By now we all know that I survived the ordeal. But only I know how long that hour was. Everywhere I turned, there was a caring human tightly clutching his mobile to ensure that atmospheric oxygen does not turn to chlorine; or one looking at his mobile screen every three seconds to ensure the Earth does not stop rotating; and yet another continuously talking on it to prevent an alien invasion. I felt like a total misfit there. I was surrounded by accusing eyes inside the gym. Right under the myriad signs pasted on the walls that said “Do not use mobiles inside the gym”.  

The effort, the moments of self-doubt, the hours of indecision, have taken their toll on me. My nerves are shattered. I don’t know how many more posts I can write.

How will posterity judge me? I hope as a person who made the ultimate sacrifice. Of staying away from his mobilephone for an hour to seek answers to questions important for mankind and light up the way for future generations. And not as one who put mankind in danger because of his cavalier attitude. After all, anything could have happened in that hour.

At least I will have another story to tell my grand-children. I stayed away from my mobile for an hour. Do you think they will believe me?

Before signing off, a note of caution for readers, who would do well to understand that the acts of bravery described in the article were performed by experts. Or, at least people claiming to be experts. Any attempt to perform them unsupervised could lead to grievous injury and harm.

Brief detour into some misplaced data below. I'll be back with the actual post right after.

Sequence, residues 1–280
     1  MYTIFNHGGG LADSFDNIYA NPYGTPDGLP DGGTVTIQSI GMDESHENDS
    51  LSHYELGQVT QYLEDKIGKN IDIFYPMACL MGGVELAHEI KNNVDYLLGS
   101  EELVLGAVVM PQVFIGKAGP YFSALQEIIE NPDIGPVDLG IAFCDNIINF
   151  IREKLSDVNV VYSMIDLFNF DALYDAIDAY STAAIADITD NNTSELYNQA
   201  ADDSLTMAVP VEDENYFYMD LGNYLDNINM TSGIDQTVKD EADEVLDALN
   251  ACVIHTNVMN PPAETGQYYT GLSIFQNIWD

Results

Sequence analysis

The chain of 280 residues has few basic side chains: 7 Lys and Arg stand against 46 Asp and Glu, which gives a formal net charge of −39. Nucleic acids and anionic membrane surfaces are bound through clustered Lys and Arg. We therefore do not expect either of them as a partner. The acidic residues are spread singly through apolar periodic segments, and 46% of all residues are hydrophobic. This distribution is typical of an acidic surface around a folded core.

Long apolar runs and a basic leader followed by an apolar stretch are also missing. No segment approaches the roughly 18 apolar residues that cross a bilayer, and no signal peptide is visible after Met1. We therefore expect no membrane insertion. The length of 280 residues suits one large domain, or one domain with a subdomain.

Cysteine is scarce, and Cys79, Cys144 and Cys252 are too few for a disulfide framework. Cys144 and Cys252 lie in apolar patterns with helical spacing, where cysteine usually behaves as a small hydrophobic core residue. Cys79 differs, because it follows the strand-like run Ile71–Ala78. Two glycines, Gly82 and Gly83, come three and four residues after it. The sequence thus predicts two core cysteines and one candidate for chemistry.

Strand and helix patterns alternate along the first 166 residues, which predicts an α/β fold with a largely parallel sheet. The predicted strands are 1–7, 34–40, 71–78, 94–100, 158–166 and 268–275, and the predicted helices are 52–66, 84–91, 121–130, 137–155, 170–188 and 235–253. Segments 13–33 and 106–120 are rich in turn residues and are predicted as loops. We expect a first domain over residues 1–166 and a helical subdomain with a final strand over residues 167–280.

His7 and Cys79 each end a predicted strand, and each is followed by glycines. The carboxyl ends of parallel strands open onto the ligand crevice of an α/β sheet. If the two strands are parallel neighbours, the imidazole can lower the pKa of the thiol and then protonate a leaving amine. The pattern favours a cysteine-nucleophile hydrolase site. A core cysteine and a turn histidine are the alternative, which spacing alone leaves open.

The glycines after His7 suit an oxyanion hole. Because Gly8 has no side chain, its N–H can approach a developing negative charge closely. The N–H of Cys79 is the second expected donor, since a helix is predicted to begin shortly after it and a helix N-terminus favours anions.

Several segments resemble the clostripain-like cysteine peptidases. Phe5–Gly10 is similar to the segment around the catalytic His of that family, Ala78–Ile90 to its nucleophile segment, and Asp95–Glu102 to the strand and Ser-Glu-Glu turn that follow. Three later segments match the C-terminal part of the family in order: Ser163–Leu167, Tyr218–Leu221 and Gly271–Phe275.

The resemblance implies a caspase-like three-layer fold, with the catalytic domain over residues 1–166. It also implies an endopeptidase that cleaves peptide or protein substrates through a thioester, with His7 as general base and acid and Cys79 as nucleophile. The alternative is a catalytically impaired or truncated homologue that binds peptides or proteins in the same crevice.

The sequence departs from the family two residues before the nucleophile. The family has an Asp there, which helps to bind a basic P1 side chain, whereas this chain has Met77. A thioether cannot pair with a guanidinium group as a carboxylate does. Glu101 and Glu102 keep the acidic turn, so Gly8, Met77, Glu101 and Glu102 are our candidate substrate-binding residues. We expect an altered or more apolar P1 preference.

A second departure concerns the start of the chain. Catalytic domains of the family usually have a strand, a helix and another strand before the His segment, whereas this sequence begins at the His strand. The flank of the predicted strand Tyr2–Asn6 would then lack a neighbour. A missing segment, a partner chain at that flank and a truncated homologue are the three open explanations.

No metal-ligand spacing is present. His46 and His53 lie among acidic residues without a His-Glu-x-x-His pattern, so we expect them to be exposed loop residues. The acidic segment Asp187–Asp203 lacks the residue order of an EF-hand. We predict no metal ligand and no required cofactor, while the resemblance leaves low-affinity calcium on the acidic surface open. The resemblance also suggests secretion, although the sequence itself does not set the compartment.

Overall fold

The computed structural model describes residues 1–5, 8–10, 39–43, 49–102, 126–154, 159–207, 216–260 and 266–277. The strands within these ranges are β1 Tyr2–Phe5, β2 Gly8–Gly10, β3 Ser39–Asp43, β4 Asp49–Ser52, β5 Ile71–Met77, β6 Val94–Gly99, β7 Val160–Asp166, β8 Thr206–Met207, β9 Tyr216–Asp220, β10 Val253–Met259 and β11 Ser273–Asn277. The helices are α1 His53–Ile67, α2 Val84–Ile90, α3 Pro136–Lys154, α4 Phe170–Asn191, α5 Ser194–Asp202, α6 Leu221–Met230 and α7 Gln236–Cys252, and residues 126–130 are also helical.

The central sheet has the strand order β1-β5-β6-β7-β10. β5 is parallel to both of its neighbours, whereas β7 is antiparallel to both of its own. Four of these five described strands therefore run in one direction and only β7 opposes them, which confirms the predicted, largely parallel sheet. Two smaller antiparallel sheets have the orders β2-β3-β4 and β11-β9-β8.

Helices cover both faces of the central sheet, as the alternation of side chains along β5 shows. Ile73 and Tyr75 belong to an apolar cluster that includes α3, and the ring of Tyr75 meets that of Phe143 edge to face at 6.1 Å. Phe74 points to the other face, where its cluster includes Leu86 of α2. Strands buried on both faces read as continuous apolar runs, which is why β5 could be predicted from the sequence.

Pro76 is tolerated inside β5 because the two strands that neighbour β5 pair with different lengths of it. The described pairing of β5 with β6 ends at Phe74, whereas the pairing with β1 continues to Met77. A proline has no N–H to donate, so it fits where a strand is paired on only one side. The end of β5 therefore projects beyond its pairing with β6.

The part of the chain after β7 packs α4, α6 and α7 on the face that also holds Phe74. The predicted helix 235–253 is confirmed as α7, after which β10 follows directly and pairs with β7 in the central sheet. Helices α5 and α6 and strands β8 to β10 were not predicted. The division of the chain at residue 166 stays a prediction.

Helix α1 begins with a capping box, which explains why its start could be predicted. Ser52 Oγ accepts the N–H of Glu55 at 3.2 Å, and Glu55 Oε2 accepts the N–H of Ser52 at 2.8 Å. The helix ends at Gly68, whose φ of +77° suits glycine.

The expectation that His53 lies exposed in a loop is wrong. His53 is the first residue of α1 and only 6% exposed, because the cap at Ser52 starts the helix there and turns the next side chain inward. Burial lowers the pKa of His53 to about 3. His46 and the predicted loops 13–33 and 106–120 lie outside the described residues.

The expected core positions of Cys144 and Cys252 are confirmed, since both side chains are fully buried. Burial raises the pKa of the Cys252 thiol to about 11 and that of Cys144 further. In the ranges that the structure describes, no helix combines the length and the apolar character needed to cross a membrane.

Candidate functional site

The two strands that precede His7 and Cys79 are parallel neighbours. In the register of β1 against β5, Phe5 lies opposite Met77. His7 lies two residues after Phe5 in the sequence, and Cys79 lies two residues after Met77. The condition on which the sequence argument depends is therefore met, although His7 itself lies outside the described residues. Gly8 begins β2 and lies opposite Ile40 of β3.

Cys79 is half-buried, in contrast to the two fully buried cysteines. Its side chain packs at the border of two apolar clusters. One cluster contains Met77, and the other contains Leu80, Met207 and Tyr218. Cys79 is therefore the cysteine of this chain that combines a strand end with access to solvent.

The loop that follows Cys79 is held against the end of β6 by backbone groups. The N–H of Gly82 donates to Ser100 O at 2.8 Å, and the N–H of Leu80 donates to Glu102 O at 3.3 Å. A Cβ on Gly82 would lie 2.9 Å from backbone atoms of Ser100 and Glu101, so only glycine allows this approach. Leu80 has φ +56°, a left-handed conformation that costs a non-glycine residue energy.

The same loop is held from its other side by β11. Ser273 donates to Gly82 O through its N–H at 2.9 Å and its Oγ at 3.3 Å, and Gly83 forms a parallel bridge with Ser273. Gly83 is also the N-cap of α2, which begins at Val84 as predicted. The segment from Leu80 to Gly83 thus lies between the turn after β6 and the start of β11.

Moreover, in order that mankind is not put to any more undue risks, people should ensure that the following guidelines are religiously adhered to: 

  • Do not, ever, attempt to walk across a busy road without being glued to a mobile screen.
  • Do not, ever, go without your, or anyone else’s, mobile, to the gym where signs of “Do not use a mobile” are plastered on the walls around you.
  • If your mobile does not ring noisily inside the cinema hall, make sure you let other viewers feel safe by making a call every few minutes and talking loudly so that they know you are “on the watch for mankind”.
  • Drive a car only when you have text messages to type on your mobile. Even better, drive a two-wheeler while typing text messages.

Is a little bit of individual sacrifice for the greater good of mankind too much to ask for?